How the flood affects wireless service.

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Sept. 6 2005 6:47 PM

Why New Orleans Cell Phones Aren't Working

You might want to change your number.

Adding to residents' woes is a lack of cell service. Click image to expand.
Adding to residents' woes is a lack of cell service

Cellular service disruptions along the Gulf Coast have made communication even more difficult for the million people who lost their landlines to Hurricane Katrina. Mobiles are unusable in many of the flooded areas. And some New Orleans residents who got out of the city have reported problems using their cell phones, even in regions that Katrina left unscathed. Why have cell phones been so affected by the flood?

Daniel Engber Daniel Engber

Daniel Engber is a columnist for Slate

Because the water damaged both land-line and cellular equipment. If water has destroyed the electronics at the bases of the cell-phone towers nearest to where you are, you won't be able to use your phone at all. (Even the equipment that stays dry may face a loss of power—rooftop cell-phone stations tend not to have their own generators.) If you do make it out of the flooded areas, your cell phone may be hampered by its disaster-ridden area code. Calls to cell phones get routed through local land lines, so phones programmed with New Orleans area codes (504 and 985) will have problems receiving calls wherever they are.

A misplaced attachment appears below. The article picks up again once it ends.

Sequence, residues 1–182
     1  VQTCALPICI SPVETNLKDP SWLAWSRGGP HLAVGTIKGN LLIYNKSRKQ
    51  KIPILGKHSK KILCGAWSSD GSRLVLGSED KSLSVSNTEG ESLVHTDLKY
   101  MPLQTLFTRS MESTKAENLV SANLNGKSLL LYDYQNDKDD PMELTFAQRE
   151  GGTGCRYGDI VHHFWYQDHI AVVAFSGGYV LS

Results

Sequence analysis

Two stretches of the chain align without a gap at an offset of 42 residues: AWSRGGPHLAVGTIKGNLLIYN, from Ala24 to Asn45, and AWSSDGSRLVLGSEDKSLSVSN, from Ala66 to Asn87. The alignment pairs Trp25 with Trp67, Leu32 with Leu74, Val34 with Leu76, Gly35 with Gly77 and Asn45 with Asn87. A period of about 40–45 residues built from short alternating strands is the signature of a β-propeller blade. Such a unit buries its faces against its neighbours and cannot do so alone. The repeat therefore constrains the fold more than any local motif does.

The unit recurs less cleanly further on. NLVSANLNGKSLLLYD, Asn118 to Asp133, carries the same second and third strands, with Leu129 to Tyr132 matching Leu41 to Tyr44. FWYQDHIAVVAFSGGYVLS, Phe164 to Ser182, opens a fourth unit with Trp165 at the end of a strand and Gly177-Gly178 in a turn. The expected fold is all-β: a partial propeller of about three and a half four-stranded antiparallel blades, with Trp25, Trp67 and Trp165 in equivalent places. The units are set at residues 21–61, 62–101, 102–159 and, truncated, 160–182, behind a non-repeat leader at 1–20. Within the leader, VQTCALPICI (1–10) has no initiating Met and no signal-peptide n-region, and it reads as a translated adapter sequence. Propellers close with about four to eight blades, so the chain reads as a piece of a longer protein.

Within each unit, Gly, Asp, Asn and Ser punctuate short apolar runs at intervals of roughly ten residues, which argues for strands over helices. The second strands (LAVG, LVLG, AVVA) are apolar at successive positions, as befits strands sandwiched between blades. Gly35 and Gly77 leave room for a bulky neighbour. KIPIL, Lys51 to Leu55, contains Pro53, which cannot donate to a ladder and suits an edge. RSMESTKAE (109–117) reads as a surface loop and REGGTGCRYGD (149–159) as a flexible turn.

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When someone dials a cell-phone number from a land line, the call travels to the cell phone's area code via a landline network. If you tried to call your friend on his Verizon Wireless phone with a 504 number, your call would automatically go to a local Bell South switch in the New Orleans area. Then Bell South would transfer the call over to Verizon's local Mobile Telephone Switching Office, or local network hub. The MTSO would then communicate with other Verizon MTSOs to figure out where your friend happened to be, and transfer the call over to the nearest cell-phone station or tower.

So even if you and your friend were sitting in the same room in California, your call would bounce across the country, and might get hung up on a drowned switch in New Orleans. (Both land-line and cell-phone switches have been affected by the flood.) On the other hand, your friend could probably call you. If he placed a wireless call from California, it would travel first to the local cell station, and then to the local MTSO, and then directly to your phone via local California landlines. According to the cellular service providers, those with 504 and 985 area codes who have made it out of New Orleans can change their numbers or add a line with a new area code, at least until the switching problems are cleared up.

Why can't the cell-phone companies just reroute the entire 504 and 985 area codes? In general, the information about your phone's area code is programmed on the phone itself, and changing it would require both a live connection with the company, and a certain sequence of button presses from the customer—code swaps would have to be made on a phone-by-phone basis. Companies are also reluctant to make any wholesale changes that might affect 504 and 985 cell phones that are still working—some of which belong to rescue workers and law-enforcement officials.

Explainer thanks Ritch Blasi of Cingular Wireless and Patrick Kimball of Verizon Wireless.

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